If you’re like most parents or grandparents, you’ve probably tried a number of ways to teach your kids the importance of managing their money. Allowance, lemonade stand, piggy bank — all simple classics. Some people even buy a single stock, then teach their kids to follow it.
What you probably haven’t tried is buying a whole mutual fund. Sure, they’re great investment vehicles, but the complex and expensive nature of most mutual funds makes them a usually poor tool for teaching — especially for younger minds.
But the Monetta Young Investor Fund (MUTF:MYIFX), under the watch of manager Robert Bacarella, bridges the financial education gap with kids and parents alike.
While producing market-beating returns.
While also earning more than $10,000 in tax-free college tuition on the side.
That’s one tall order, not to mention a tough juggling act. But over about five years, MYIFX has been up to the task, meriting a closer look. So one by one, let’s take a gander at all the plates MYIFX has in the air:
The Monetta Young Investor Fund is a no-load, hybrid mutual fund that shares the large-cap growth category with players like Fidelity Large Cap Growth (MUTF:FSLGX) and Vanguard Growth Index (MUTF:VIGRX).
The “hybrid” refers to MYIFX’s mix of exchange-traded funds and stocks. Half of the fund’s $22 million in assets are made up of ETFs that track the S&P 500 or other groups of large-cap stocks, while the other half includes individual equities. And while MYIFX’s returns have generally beaten the category average and the S&P 500 (see table), the mind-set behind most of the holdings is primarily defensive.
|S&P 500 TR||+5.49%||-37.00%||+26.46%||+15.06%||+2.11%||+9.00%|
|% Rank in Category||87||1||8||5||17||87|
|Source: Morningstar *As of 2/29/12|
Bacarella openly admits the holdings in index- and large-cap ETFs are simply designed to control risk and keep pace.
“It keeps us in play,” he says. “And by ‘in play,’ I mean, we’ll track the index — the index, which 90% of managers have not been able to meet for any 10-year period since we’ve been keeping track of that information. All I’m admitting is I want to stay in the game. I want to put my men on base.”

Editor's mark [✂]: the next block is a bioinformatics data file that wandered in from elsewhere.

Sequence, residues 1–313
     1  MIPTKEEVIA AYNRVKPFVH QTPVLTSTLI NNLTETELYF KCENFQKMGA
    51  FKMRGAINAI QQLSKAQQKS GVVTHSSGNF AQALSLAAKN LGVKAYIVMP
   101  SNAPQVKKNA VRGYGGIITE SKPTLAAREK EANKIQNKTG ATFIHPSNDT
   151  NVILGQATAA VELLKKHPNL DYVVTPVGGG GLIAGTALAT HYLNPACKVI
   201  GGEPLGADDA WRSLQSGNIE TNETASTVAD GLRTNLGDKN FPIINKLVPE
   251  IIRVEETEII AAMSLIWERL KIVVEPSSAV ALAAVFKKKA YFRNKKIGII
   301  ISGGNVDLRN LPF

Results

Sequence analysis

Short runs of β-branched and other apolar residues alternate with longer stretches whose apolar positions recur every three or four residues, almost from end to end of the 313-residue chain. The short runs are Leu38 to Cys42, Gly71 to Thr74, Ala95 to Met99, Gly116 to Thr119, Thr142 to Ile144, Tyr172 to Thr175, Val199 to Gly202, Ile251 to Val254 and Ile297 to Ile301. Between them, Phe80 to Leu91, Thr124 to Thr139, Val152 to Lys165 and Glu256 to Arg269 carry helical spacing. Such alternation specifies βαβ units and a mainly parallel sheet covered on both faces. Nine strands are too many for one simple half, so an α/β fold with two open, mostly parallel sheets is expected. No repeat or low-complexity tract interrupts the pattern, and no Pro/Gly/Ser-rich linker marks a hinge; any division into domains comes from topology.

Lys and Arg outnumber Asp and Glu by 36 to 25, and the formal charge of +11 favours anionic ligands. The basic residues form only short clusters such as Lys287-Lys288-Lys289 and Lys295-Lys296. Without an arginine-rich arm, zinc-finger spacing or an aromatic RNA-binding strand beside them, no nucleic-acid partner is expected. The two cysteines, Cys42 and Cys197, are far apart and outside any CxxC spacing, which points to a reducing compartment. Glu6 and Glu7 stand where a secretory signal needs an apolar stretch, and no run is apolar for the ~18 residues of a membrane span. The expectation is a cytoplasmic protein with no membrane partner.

To stick with the analogy, then, the remaining 50% of the holdings should be used to run up the score. But those individual holdings are awfully defensive, too.
The “other 50%” actually is a split of 40% core holdings and 10% short-term investments. Those core holdings include a number of steady-Eddie businesses that even a child can understand, such as McDonald’s (NYSE:MCD), Ford (NYSE:F) and John Deere (NYSE:DE). Although, they also include growth techs like Google (NASDAQ:GOOG) and — who else? — Apple (NASDAQ:AAPL). None of the holdings are weighted more than 3%, and Bacarella caps all potential weights at 5% — even Apple.
“The thing about Apple is, its growth is off the charts. But we don’t want to become so dependent, because there will be a day … where Apple will come down because of some announcement they make. I don’t want the fund that dependent on one name.”
Investors are placing their bets on the remaining 10%, where Young Investor attempts to hit its home runs by making short-term investments focused on either high potential growth or value. For instance, MYIFX had Intuitive Surgical (NASDAQ:ISRG) on the books last September, but exited in January, reaping a 26% gain.
The Young Investor Fund has achieved one-year, three-year and five-year annualized returns of 7.6%, 34.4% and 9.72%, respectively, earning it Morningstar’s five-star rating. The performance comes at a 1% expense ratio, which is less than the category average 1.32%. The ratio is capped until December 31, 2013, but Bacarella says investors worried about a hike after that shouldn’t.